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Teaching about Bearings

Date: 06/08/2000 at 05:56:24
From: Amy Vyse Widdicombe
Subject: Bearings

We have to teach a math lesson for one hour about bearings, and we 
don't have a clue as to what bearings are. We have to locate a point 
using two bearings. Also, can you think of any activities to entertain 
the class instead of making it a boring lesson? We want it to be fun.

Help us; we don't know what to do.

Date: 06/08/2000 at 13:04:02
From: Doctor Rick
Subject: Re: Bearings

Hi, Amy.

First of all, a bearing is a compass direction. That is, it's the 
angle between north and the line between two objects. The bearing from 
where you are (point P) to some object (point A) is the angle between 
a line going north from point P, and the line from point P to point A.

If you're in geometry class, then the ability to locate a point P 
using bearings to two points A and B is a consequence of the 
angle-side-angle congruence theorem. The bearings aren't the same as 
the angles of the triangle, but if you know the bearing from point A 
to point B, as well as the bearings from point P to points A and B, 
you can find all the angles of the triangle ABP. You'll want to expand 
on these concepts.

So much for the blackboard explanation. There's lots of room for 
making this fun, and no excuse for a boring lesson! The best way would 
be to hold the class outdoors and have some games in which you look 
for "buried treasure" where the clues are the bearings from two trees 
to the treasure. You'll need to get hold of at least one magnetic 
compass. By the way, you can make up the clues by standing at the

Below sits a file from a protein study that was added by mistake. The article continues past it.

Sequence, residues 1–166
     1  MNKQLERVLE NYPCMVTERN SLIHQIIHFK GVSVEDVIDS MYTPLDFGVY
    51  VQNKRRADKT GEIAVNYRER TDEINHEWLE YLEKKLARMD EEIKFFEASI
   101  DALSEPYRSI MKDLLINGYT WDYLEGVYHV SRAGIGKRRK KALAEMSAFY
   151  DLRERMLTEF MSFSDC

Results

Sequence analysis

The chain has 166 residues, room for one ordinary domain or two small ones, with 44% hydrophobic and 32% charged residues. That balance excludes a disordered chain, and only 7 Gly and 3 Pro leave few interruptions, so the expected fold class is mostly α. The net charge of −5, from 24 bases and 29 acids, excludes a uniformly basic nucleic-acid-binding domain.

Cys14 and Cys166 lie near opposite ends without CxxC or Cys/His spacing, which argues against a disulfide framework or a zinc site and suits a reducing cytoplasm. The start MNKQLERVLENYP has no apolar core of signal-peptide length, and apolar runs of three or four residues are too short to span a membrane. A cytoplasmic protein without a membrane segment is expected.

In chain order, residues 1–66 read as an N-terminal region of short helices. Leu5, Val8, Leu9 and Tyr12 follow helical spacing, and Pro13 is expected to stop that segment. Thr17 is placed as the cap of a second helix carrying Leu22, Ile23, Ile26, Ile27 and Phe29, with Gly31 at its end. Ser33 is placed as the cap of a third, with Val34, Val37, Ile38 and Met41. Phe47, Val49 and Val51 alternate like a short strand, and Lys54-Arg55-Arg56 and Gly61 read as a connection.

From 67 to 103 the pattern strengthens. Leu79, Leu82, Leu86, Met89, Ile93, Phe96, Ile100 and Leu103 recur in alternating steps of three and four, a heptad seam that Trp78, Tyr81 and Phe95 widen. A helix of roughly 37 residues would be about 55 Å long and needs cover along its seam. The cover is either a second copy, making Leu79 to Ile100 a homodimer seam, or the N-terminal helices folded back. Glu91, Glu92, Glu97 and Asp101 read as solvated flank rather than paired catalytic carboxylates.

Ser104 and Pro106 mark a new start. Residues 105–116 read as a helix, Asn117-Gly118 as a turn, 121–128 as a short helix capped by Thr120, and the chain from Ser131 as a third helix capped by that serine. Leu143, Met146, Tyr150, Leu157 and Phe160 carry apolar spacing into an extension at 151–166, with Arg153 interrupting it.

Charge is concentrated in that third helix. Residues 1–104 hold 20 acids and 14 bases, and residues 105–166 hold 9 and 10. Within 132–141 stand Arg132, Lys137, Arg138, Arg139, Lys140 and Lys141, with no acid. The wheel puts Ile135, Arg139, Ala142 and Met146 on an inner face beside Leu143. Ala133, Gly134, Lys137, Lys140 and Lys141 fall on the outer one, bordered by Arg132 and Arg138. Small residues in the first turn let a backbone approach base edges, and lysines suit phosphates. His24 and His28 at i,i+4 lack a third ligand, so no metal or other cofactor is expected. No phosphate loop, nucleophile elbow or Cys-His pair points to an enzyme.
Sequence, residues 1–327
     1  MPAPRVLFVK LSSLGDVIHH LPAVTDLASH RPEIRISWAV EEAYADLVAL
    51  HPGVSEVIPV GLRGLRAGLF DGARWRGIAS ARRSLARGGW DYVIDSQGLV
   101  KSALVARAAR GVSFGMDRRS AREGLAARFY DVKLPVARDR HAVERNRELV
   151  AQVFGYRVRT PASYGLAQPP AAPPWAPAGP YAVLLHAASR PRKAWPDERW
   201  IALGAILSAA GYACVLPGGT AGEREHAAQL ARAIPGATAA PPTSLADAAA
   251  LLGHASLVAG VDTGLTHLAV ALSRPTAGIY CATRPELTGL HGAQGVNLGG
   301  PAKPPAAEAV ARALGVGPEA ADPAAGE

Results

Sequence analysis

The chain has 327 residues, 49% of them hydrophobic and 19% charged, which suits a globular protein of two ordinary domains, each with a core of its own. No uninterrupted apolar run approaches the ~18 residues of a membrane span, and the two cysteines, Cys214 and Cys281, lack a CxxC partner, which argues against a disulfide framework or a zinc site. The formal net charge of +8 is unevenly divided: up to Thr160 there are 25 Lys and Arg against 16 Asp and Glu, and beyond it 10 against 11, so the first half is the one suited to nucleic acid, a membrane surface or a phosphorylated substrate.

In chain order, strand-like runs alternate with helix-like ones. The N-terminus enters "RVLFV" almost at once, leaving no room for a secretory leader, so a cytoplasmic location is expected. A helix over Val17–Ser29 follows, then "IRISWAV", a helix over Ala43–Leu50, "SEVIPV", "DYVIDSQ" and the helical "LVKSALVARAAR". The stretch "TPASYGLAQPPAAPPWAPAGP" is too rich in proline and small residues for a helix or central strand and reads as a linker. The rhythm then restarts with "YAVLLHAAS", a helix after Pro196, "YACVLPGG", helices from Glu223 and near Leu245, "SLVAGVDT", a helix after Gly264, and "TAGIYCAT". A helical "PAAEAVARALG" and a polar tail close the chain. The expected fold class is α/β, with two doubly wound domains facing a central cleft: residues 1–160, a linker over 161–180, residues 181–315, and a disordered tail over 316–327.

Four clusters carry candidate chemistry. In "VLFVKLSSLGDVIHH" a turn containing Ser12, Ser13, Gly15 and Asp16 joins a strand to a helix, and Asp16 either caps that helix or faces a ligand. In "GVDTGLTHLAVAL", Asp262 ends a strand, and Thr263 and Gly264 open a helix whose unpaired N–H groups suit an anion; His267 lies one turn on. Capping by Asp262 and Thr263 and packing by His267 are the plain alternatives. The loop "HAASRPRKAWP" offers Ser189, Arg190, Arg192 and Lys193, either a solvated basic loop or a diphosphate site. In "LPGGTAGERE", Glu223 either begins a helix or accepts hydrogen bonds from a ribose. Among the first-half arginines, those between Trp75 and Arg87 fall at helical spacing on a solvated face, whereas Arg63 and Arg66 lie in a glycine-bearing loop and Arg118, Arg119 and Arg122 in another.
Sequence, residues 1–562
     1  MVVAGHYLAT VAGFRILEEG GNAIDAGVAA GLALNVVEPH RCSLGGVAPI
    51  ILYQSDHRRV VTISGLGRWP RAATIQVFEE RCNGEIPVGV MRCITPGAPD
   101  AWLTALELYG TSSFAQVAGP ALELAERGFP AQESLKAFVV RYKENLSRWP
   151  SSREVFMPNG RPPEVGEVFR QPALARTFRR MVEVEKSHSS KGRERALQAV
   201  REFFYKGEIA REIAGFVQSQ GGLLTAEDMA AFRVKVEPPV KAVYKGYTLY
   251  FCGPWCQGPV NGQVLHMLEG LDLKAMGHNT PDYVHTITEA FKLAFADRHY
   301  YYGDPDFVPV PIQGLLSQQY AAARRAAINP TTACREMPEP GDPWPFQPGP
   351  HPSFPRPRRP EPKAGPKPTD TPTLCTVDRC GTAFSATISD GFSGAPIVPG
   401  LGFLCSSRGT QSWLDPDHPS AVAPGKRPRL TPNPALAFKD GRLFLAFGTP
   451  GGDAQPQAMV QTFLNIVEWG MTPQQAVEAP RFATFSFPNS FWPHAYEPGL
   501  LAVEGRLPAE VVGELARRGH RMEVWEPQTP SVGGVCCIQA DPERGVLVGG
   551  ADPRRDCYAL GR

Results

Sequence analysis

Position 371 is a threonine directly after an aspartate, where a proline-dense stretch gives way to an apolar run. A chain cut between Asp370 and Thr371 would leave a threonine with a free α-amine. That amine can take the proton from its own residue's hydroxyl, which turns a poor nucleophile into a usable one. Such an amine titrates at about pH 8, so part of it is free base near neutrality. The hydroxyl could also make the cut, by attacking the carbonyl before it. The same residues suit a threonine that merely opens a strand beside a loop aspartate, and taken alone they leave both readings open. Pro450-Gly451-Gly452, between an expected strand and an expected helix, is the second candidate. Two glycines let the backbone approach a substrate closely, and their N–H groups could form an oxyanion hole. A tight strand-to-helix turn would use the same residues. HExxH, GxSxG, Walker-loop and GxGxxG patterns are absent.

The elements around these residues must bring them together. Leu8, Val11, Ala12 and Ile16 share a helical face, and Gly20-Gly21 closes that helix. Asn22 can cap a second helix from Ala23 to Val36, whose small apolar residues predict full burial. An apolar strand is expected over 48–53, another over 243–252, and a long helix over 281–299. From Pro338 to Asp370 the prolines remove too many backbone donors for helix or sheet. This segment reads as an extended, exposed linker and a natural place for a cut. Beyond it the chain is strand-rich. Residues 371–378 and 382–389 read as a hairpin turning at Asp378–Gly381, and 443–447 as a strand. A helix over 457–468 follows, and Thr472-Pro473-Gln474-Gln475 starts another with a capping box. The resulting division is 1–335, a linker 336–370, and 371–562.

"treasure" and taking bearings to the two trees. How are these 
bearings related to the bearings from the trees to the treasure? You 
must be sure you know which way the bearings go.

If you have to be in class, you could have a student leave the room 
or be blindfolded, then choose another student to take bearings from 
his/her seat to two corners of the room. Then the first student comes 
in or takes the blindfold off, and tries to determine which student 
you chose, using the bearings the chosen student measured.

You'll want to give some training in using a compass before you do any 
games. If you have to be indoors, some odd things might happen if 
there is a lot of metal in the room.

Here are some Web sites I've found that may give you some ideas:

   Conning and Pilotage - John Jacq
   (how to find where you are in a boat)   

   Map and Compass - Search and Rescue Society of British Columbia   

   Measuring Distances-Triangulation - Explorer lesson plan   

- Doctor Rick, The Math Forum   
Associated Topics:
High School Geometry
High School Practical Geometry
High School Triangles and Other Polygons
Middle School Geometry
Middle School Terms/Units of Measurement
Middle School Triangles and Other Polygons

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